How is each vacation different? Both I and my sister (who until recently, studied in Singapore as well) always go home for Christmas and New Year. Typically we'd either spent a few happy weeks with our family at home, or go on a road trip to East Java (where my grandparents and numerous cousins live) to spend the New Year at our grandparents' house. So this year's road trip isn't so unlike those in the past.
Yet every vacation gives different things. For instance, this time I got to read cover-to-cover a few books (something I've never been able to do during the past vacations!), I cut my hair short, and I actually completed a small part of an inventory system for my mom's pharmacy! Also, I had a pretty long talk with my grandpa (no mean feat, since he spoke a Chinese dialect which I mostly had to guess & listen to its context to understand what he was saying). The long road trip forced all of us who weren't driving to face the big questions we'd normally defer from thinking about in busy days.
I finally finished reading Woods' How the Catholic Church Built Western Civilization. There are a few short chapters after the long chapters on Science and the University; these are on: Art ('nuff said), Economics, Charity, International Law & Western Law, Western Morality, and finally, a chapter titled A World Without God. Though these chapters were well-written, the sense of being blown away upon their discovery had somewhat lessened after the chapters on Science. These chapters, just like the previous few, focus particularly on the big ideas that the Church helped bring about/nurture and had her role all but denied or misunderstood.
In modern fiction work such as the Samurai by Shusaku Endo (which I just read), the Spanish clergy in the New World were depicted as repressive, manic zealots, or collaborationists in imperial conquest. Woods pointed out that it was Fr Francisco de Vittoria, sometimes called 'the father of international law', who "brought forth the first grand treatise on the law of nations"—considering matters of jurisdiction, ownership and just treatment of fellow human beings in the person of the natives, based on the concept of natural law. This book also gave an ironic context to 'separation of church and state'; where instead of the Church interfering in State, he pointed out to the historical circumstances that spurred the Gregorian reform to draw the line limiting secular authority exercising power over ecclesial matters (especially in officials' appointment).
In the field of Charity, Professor Woods argued that Charity (of the scale witnessed) is a singularly Christian enterprise and that the Catholic teaching, based on Jesus' new commandment to love one another, surpassed ancient Stoicism to contribute to the spirit of charity. In this chapter also I learned that the insitution of hospitals was the fruit of Christian charity, and about the good sense of ancient monasteries who owned land and acted as kind, reliable proprietors.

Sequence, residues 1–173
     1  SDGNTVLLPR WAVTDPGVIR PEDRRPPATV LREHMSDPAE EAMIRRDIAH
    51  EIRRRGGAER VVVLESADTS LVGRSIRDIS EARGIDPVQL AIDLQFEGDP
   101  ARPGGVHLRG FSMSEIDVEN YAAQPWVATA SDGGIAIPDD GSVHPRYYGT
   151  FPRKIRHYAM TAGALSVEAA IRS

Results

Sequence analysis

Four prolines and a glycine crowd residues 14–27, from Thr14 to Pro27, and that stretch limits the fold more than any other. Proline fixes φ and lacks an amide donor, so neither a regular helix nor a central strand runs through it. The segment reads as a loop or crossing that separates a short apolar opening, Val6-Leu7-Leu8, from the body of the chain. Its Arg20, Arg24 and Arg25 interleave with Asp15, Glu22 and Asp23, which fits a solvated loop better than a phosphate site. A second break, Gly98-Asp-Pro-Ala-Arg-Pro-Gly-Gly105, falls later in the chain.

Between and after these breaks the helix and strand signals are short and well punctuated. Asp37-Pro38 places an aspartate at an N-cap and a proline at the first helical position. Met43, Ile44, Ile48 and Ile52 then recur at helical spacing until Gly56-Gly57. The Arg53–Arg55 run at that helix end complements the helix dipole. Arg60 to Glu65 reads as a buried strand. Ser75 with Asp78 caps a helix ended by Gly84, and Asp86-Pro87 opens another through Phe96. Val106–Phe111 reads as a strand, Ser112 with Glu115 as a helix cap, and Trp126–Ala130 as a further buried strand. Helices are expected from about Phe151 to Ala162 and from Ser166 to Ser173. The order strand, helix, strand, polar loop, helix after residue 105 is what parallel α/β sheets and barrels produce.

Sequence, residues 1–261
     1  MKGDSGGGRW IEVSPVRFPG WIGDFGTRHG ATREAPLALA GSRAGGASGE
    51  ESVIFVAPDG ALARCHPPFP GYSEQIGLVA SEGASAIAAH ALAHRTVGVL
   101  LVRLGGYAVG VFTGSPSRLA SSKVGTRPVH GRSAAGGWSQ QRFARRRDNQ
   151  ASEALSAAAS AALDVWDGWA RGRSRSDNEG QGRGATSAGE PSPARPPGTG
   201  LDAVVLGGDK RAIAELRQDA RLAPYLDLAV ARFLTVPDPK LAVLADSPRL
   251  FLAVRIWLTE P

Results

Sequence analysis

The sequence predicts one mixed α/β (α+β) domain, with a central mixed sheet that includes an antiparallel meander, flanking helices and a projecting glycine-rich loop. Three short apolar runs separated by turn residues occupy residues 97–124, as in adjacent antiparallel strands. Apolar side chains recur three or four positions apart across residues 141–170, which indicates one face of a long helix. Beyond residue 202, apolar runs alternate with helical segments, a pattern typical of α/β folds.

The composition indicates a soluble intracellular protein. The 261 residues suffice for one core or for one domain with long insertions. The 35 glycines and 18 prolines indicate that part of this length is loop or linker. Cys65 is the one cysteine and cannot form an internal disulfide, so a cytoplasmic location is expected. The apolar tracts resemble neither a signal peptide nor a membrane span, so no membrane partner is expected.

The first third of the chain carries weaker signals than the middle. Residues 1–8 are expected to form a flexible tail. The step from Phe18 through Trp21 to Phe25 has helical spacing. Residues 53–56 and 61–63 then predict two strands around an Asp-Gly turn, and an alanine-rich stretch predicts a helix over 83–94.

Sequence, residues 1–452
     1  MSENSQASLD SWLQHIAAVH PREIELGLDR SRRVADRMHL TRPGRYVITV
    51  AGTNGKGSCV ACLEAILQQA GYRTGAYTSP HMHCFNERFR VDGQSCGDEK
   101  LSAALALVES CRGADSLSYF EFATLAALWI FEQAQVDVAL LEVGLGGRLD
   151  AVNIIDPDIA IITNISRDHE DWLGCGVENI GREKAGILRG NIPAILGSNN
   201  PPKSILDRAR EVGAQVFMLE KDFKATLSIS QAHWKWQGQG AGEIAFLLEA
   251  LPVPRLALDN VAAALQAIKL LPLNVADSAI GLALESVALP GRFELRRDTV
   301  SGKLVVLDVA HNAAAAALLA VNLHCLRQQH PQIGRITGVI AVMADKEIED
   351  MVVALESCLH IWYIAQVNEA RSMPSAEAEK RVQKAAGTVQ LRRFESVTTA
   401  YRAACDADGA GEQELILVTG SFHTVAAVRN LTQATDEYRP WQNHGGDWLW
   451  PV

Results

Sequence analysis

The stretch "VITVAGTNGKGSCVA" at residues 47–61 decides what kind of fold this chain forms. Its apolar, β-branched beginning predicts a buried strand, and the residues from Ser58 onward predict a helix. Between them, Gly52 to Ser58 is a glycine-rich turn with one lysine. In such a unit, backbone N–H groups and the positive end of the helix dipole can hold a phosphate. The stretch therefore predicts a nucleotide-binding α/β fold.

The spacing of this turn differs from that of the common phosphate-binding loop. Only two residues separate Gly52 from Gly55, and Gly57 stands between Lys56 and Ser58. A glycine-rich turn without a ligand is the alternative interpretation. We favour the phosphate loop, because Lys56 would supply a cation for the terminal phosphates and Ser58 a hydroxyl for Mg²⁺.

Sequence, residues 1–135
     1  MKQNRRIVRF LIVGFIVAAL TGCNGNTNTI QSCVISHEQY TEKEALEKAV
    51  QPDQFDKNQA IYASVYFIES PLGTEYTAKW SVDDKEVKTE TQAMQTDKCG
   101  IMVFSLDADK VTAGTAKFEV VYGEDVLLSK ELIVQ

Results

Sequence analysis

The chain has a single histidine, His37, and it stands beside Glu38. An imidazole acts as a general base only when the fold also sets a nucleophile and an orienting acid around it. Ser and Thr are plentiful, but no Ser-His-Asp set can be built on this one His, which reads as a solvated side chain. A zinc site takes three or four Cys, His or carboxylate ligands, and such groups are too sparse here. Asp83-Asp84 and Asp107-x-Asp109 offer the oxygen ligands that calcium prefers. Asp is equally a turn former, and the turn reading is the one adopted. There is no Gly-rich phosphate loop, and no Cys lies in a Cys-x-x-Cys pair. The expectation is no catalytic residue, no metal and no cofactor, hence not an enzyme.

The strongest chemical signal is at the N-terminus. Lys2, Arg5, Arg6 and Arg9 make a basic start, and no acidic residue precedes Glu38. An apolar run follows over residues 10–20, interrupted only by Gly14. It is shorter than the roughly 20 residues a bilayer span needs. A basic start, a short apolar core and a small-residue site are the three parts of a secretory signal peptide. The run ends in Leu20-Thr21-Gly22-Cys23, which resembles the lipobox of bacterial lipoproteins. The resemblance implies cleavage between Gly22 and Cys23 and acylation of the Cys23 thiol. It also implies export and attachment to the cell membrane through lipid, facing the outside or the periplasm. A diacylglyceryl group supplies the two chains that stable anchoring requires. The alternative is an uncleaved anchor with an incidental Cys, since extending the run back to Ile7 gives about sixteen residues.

What do these mean to me, one who is not immediately part of the 'Western Civilization'? The contribution of the Church has been far and their impact deep. Reading the chapter on Western morality, the Church's teaching against infanticide, suicide, adultery, and the need for three conditions to justify starting a war, seems like listening to a message of universal morality. One doesn't need to be Western to realize the evils of those practices prevalent then, but it was the Catholic Church who proclaims the values that necessarily render these practices sinful. My country's laws were based on those of the Dutch, which no doubt has Christian legacy. The schools which I attended were founded by missionaries from Europe.
This post which is supposed to be a reflection from my vacation turns out to be a crude summary of Thomas E Wood's wonderful book. Yet this book gives an inspiration for those who, like me, are discerning upon their vocation in the face of increasingly secular world. He wrote:
"The Church recalls the great men of Christendom—like Charlemagne, Saint Thomas Aquinas, Saint Francis of Assisi, and Saint Francis Xavier to name a few—and holds them up as models for how true men live. Its message? Essentially this: You can aspire to be one of these men—a builder of civilization, a great genius, a servant of God and men, or a heroic missionary"
In his acknowledgement, Woods wrote that he hoped his daughters would find in their Catholic faith a 'pearl of great price', and quoted St Thomas More: "No one on his deathbed ever regretted having been a Catholic."
UPDATE: The first part of comments on Woods' book is here